Saskia Tillers is a freelance writer from Sydney who lives and works in Milan. We asked her to tell us what it's like over there and how she's adopted to a new version of life, one sunny rooftop and long-distance piña colada at a time.
When my fiancé Jack and I found out that Northern Italy was closing its borders to limit the spread of COVID-19, it was 11pm on a Saturday night, and we’d just finished our tiramisu. Initially, we were in shock. However, a quick search on Google quickly dispelled any hopes of this being a cruel joke. Within hours, the government and military would be setting up checkpoints along the state border of Lombardy, stopping planes and trains both in and out.
Our first reaction was panic. To make matters more complicated, we weren’t at home. As a reward to ourselves for the social distancing we’d been practising for weeks, we’d booked a weekend away, to breathe in the fresh mountain air at a small town called Aosta. While we were only two hours drive from Milan, it was a different region. Should we rush back, or stay outside the lockdown? We didn’t have our laptops or passports—in fact, we had little more than a change of clothes—and we had no way of knowing how long the borders would remain shut. So common sense eventually prevailed, and in the morning, we nervously reentered the "red zone".
Two days later, the quarantine was extended to the entire of Italy. Schools and universities sent students home for the foreseeable future, events were cancelled and all businesses except food stores and pharmacies ordered to close. 60 million people were confined to their homes.
For a while there, things looked pretty grim. But it wasn’t too long until we, like the rest of Italy, adapted to this new version of life.
Spring has sprung in Milan, bringing with it brilliant blue-skied days and delicious sunshine that we bask in on our terracotta-tiled rooftop. Even amongst the concrete jungle of apartment blocks, I can spy cherry blossom trees in full bloom on the sidewalks, and potted daffodils on my neighbours terraces. Homemade banners reading, Andrà tutto bene or "Everything will be ok" are draped from window ledges. By day, the streets are eerily quiet, but most afternoons, the air is filled with the sound of Italian pop songs and classics blasting from living rooms. People, young and old, take to their balconies to sing along, dance and wave to other families in captivity.
With most of us usually living insanely chaotic lifestyles, chock-a-block with work, social engagements, travel and the never-ending digital treadmill, I wonder if this enforced downtime might be exactly what we all need.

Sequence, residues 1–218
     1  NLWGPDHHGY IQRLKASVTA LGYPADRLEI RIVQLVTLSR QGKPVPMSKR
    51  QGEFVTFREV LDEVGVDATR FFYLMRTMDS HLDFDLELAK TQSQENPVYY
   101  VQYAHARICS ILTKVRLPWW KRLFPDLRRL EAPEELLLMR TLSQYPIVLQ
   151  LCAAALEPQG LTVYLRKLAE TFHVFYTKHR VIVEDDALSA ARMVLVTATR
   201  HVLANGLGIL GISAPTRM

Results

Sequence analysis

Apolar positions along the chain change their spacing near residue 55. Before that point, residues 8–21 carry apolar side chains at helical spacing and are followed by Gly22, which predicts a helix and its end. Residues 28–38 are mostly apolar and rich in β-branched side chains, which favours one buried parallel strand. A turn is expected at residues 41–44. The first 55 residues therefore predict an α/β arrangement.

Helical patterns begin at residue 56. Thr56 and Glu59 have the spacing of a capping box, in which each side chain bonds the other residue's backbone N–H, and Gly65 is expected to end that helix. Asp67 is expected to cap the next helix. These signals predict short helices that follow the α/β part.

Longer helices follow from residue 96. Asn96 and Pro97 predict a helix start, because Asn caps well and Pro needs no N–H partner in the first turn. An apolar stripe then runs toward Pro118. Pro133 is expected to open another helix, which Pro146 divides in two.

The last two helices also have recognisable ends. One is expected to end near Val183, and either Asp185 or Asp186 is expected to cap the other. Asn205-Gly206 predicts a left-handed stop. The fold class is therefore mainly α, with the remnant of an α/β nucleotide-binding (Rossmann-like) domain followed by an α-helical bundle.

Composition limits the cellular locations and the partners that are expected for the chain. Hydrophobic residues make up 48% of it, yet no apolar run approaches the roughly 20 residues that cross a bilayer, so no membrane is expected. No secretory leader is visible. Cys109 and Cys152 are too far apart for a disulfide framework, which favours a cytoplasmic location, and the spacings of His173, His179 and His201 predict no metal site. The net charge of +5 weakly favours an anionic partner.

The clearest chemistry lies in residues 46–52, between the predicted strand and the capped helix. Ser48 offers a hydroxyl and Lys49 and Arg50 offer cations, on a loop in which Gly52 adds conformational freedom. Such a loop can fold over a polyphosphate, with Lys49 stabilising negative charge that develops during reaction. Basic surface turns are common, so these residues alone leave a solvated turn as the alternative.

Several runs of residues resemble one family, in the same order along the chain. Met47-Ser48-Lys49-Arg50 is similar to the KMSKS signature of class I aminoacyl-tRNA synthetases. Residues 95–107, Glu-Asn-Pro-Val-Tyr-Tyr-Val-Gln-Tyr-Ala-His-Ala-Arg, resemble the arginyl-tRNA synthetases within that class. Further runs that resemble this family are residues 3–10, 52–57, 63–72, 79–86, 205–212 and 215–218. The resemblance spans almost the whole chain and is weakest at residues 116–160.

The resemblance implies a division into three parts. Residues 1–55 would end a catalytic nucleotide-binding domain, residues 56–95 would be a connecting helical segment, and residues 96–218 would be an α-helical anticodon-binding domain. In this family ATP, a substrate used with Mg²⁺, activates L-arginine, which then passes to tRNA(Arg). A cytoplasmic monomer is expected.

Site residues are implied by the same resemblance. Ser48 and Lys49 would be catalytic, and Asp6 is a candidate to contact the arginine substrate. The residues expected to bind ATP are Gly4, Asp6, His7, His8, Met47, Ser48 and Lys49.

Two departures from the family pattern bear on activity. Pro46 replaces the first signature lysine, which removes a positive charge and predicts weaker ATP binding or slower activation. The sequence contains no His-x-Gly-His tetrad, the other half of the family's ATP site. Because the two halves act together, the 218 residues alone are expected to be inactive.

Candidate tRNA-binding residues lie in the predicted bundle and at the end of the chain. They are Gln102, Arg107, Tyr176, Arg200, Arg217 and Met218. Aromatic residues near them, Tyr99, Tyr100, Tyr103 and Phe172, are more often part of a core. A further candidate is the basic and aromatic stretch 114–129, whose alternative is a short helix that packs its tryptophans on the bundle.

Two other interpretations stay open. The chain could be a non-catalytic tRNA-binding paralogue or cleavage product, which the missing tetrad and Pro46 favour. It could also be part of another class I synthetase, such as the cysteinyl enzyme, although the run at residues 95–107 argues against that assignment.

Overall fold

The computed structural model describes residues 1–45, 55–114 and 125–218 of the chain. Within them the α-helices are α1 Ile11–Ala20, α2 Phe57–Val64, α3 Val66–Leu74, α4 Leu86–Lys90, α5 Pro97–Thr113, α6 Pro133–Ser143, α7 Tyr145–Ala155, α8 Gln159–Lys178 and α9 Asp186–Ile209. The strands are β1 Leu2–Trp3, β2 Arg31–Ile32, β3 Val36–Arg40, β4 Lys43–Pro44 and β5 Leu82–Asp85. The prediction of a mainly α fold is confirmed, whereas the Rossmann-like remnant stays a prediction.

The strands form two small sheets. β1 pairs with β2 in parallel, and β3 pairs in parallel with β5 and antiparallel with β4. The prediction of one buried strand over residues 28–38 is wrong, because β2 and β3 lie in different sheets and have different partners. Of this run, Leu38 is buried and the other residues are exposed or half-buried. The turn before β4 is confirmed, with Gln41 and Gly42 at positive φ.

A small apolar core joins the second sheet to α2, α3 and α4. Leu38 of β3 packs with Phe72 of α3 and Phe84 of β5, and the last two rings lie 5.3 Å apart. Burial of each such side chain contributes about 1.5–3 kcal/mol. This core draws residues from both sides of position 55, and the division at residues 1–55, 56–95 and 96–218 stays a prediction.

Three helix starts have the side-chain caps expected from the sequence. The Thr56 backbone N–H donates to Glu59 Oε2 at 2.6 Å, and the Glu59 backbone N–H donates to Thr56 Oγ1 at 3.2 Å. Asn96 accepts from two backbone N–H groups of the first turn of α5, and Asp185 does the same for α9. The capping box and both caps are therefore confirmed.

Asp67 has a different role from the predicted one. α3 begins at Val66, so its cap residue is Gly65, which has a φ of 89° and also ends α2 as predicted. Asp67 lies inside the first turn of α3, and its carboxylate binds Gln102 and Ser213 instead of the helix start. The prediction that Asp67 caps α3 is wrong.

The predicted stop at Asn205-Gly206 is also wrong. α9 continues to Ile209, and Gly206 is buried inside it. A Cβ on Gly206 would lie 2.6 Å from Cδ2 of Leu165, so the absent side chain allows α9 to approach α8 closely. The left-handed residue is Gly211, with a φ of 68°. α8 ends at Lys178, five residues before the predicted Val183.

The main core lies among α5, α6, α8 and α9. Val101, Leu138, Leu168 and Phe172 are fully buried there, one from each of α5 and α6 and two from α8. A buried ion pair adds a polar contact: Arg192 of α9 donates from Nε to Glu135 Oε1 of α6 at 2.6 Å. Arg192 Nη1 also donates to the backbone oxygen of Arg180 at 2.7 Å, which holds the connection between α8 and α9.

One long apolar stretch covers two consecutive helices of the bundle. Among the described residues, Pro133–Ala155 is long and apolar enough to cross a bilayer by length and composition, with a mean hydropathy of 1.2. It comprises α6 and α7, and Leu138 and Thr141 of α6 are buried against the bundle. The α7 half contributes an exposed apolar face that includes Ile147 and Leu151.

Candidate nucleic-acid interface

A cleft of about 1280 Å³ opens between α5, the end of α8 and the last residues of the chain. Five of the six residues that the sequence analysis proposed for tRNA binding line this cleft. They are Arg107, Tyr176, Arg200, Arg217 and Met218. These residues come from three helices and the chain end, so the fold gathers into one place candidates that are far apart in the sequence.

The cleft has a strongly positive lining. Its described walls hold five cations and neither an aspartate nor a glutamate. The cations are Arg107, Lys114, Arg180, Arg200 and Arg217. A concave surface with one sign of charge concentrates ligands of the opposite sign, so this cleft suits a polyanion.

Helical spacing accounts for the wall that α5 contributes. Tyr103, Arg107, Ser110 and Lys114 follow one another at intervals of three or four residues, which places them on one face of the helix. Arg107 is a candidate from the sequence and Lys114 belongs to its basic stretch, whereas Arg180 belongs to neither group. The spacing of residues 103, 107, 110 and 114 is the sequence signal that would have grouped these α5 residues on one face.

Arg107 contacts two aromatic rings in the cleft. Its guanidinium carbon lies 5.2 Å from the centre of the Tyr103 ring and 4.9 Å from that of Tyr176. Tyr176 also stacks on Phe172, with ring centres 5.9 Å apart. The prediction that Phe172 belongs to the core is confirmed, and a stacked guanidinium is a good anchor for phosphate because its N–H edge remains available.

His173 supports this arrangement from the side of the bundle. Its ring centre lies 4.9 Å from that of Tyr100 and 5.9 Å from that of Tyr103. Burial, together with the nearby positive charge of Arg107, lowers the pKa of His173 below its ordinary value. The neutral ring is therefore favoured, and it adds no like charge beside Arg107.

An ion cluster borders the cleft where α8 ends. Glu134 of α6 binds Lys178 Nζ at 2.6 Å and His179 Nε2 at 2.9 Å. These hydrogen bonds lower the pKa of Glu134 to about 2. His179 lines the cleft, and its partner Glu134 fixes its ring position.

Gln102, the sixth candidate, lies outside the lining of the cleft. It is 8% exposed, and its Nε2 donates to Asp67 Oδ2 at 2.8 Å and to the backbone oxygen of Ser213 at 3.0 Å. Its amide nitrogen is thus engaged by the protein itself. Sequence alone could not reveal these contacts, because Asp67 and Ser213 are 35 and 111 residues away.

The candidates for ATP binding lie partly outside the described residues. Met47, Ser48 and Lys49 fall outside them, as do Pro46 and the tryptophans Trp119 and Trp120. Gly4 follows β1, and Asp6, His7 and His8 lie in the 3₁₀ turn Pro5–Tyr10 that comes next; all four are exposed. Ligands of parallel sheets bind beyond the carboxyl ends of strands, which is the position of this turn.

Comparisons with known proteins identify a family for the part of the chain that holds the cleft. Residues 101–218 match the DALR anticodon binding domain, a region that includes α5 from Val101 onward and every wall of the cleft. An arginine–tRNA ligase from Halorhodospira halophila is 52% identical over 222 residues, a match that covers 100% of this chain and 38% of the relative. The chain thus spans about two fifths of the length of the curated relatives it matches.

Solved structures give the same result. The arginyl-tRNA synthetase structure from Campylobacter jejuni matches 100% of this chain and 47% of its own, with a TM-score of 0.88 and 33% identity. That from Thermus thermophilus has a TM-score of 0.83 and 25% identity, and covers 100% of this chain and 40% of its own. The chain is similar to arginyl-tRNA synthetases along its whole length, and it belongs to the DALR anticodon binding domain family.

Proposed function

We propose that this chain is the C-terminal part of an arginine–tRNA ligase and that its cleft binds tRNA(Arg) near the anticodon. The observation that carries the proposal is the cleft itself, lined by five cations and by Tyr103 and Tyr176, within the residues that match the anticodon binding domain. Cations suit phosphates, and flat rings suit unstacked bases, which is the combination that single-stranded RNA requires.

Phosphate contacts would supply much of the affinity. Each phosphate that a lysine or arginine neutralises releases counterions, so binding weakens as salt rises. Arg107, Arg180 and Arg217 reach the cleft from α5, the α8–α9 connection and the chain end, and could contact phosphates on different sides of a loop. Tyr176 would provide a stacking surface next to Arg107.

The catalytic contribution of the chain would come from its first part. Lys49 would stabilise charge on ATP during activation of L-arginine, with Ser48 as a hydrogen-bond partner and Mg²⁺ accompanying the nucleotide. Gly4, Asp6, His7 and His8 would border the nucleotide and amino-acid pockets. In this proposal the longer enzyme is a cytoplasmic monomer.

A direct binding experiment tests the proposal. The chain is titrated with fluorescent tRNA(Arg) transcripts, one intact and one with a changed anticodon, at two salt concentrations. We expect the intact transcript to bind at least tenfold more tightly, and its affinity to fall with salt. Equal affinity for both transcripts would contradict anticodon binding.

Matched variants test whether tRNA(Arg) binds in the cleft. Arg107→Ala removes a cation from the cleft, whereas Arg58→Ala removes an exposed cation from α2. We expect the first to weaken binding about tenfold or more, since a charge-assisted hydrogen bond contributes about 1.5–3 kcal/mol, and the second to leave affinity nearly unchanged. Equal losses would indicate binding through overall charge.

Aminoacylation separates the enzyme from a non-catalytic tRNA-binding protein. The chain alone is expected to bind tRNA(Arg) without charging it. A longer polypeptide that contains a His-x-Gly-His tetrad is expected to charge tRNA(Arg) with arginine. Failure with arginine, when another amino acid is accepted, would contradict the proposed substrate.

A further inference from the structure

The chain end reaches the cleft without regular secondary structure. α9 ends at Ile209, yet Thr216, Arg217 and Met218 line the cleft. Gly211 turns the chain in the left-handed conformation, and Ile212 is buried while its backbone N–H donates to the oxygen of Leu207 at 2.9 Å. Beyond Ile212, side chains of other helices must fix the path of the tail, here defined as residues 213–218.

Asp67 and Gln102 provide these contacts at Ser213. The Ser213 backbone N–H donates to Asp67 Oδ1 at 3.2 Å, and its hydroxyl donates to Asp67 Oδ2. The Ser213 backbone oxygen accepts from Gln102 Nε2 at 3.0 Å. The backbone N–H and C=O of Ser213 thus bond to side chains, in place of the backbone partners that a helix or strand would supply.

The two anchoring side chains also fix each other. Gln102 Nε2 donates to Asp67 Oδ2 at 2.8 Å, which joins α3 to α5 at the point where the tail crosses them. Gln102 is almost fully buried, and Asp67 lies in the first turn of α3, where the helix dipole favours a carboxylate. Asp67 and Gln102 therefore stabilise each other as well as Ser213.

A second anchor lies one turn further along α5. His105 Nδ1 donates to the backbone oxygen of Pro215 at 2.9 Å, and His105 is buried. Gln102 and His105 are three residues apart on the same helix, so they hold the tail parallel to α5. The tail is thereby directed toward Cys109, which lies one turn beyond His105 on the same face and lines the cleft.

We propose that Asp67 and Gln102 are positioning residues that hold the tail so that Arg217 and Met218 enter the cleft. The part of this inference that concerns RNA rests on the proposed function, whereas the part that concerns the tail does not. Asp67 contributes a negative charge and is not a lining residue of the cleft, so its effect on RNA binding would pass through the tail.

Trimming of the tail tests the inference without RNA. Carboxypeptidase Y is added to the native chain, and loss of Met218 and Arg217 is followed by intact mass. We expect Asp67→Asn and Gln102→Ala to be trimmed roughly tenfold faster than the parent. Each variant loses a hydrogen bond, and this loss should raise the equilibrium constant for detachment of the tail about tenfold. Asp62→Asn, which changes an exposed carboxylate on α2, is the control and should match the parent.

Sometimes these situations have a weird way of actually doing a lot of good as a coincidental by-product. Suddenly, I’ve developed a few great new routines—I’m doing yoga every day, and thanks to anxiety-related insomnia (must stop reading the updates on coronavirus before bed), I’ve been listening to a guided meditation each night—a habit I’d been meaning to implement for years.
Funnily enough, even the allure of potentially endless hours on Netflix lost its appeal after a few days, and while we’ve still got Seinfeld and The Office on repeat in the evenings, we quickly started looking for other (non-screen-based) things to stave off cabin fever. Board games, puzzles, colouring-in books and baking are our new favourite activities, and while on paper it reads like a primary school holidays hit-list, maybe a bit of childhood regression isn’t the worst thing?
Remember that even if you can’t hang with your friends and family, they’re probably feeling just as worried and trapped as you are, so call them, lament together, and get creative with ways of interacting remotely. Last Saturday we made piña coladas and played the board game Articulate over FaceTime with our best mates. Even though we were on slightly different levels thanks to the time difference (it was 10am in Australia, while we were already three cocktails deep), it was such a hit that we’ve scheduled another round for this weekend.
Today marks the end of our fourth week working from home, and our 11th day in forced lockdown. While it’s easy (and totally understandable) to feel anxious about the situation, the bottom line is that to flatten the curve, halt the spread and take the pressure off medical workers, this is what we need to do. The hashtag #IoRestoACasa or "I stay home" dominates social feeds across Italy, acting as a symbol of solidarity, of respecting the restrictions, and as a bolstering reassurance that everyone is in the same boat.
Image credit: Courtesy of Saskia Tillers and Vittorio Zunino Celotto